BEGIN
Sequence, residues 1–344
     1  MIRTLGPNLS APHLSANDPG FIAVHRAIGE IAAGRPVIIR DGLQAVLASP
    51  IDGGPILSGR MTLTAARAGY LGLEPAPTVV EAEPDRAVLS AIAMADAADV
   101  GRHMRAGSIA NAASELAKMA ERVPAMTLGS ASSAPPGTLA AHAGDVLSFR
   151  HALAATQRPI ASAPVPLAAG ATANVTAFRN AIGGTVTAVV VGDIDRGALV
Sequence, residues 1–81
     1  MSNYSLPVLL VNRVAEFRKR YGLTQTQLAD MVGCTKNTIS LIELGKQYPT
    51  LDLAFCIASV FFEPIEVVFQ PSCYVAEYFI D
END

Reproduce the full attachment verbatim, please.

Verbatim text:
Sequence, residues 1–344
     1  MIRTLGPNLS APHLSANDPG FIAVHRAIGE IAAGRPVIIR DGLQAVLASP
    51  IDGGPILSGR MTLTAARAGY LGLEPAPTVV EAEPDRAVLS AIAMADAADV
   101  GRHMRAGSIA NAASELAKMA ERVPAMTLGS ASSAPPGTLA AHAGDVLSFR
   151  HALAATQRPI ASAPVPLAAG ATANVTAFRN AIGGTVTAVV VGDIDRGALV
Sequence, residues 1–81
     1  MSNYSLPVLL VNRVAEFRKR YGLTQTQLAD MVGCTKNTIS LIELGKQYPT
    51  LDLAFCIASV FFEPIEVVFQ PSCYVAEYFI D